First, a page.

Anthony Joshua may hold three of the world heavyweight titles and have an Olympic gold medal.
But it is only now, at 28, that the WBA, IBF and WBO champion finally feels like a more “seasoned fighter”.
The evidence was in this performance as the British star refused to hit the panic button amid a nervy start that saw Russian challenger Alexander Povetkin land left hooks and right hands aplenty.
But Anthony Joshua soaked them up, cleared the blood from his swollen nose, got boxing behind his jab and found a way to win with a ruthless seventh-round knockout of his fellow Olympic champion.
All of that with a dose of flu in his system that had the Watford warrior more keen on a night in bed than entertaining 80,000 fans at rain-soaked Wembley.
“I felt like a heavy gust of wind could knock you over,” said Joshua. “I felt everything. On my way here, I was thinking I can have one more sleep.
“I thought to myself that I felt this way in training camp and still sparred 15 good rounds, so I’ve got one geezer in the ring who will fade sooner or later, so let’s just get on with it.
“Am I an experienced fighter now? A little bit more seasoned, not where I need to be yet.
“I haven’t found that perfect style but it is working at the minute.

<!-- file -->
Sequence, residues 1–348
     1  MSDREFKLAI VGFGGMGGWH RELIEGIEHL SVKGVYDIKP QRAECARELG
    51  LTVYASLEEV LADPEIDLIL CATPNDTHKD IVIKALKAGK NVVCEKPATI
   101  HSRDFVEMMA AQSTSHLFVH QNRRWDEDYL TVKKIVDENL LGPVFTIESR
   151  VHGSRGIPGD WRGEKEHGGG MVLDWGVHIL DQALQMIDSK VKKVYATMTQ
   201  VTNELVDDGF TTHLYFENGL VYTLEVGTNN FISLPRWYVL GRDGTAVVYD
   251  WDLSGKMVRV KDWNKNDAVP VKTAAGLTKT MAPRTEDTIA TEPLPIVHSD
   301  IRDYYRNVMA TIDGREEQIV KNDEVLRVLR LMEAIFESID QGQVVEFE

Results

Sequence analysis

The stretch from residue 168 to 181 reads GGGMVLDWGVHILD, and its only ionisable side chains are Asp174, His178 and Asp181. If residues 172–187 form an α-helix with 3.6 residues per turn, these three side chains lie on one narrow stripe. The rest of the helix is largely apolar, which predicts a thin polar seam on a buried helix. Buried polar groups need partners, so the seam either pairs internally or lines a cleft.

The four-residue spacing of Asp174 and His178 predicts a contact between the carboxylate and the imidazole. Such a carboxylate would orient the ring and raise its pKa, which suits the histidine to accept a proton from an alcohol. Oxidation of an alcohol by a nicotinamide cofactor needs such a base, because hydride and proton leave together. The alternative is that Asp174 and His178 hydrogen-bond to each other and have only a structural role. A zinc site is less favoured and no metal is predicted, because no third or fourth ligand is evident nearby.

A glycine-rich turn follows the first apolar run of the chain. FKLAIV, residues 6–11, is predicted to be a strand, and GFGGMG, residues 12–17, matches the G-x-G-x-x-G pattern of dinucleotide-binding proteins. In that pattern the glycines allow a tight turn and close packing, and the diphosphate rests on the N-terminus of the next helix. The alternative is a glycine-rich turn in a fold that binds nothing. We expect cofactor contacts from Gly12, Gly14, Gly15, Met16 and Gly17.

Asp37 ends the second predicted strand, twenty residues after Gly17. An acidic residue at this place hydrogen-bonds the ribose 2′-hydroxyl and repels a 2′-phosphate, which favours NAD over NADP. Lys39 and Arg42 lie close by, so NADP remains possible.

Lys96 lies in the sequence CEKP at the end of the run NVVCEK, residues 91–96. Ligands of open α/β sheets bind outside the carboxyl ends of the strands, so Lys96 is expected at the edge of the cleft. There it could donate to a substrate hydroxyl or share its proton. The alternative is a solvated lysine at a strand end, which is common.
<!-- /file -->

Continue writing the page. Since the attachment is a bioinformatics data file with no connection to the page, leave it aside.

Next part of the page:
“Someone asked if it is my vulnerability that makes thing exciting, yeah for sure because I’m still learning but I’m still good enough to get the outcome I want as well.
“I always think about that one punch. Nobody can beat me skill for skill I don’t think. It’s just that one punch, I’d hate that for to be the reason that I lose.
“I have no worry in the ring no more. I’m calm, relaxed. I went in to fight Povetkin ill, no problem. Injuries? No problem.”
Anthony Joshua ’s start was a cause for concern as a left hook just before the end of the first round clearly wobbled the defending champion and threatened his unbeaten record in his 22nd fight.
Blood poured from his nose but he brushed it off, found his rhythm and by the fifth was firmly in the fight with his considered attacks starting to take their toll on a tiring Povetkin.
Joshua’s trainer Rob McCracken won’t be impressed with the shots that landed early on but this was proof that Joshua can handle a puncher and one of the top fighters in the world, even at 39.
“I dealt with a puncher,” said Joshua. “I didn’t think he was a puncher at first, I thought ’15 stone, this guy isn’t going to do s***’.
“Then he hit me with that left hook and it was ‘Oh my god, hang on!’. He bucked up my ideas quick.”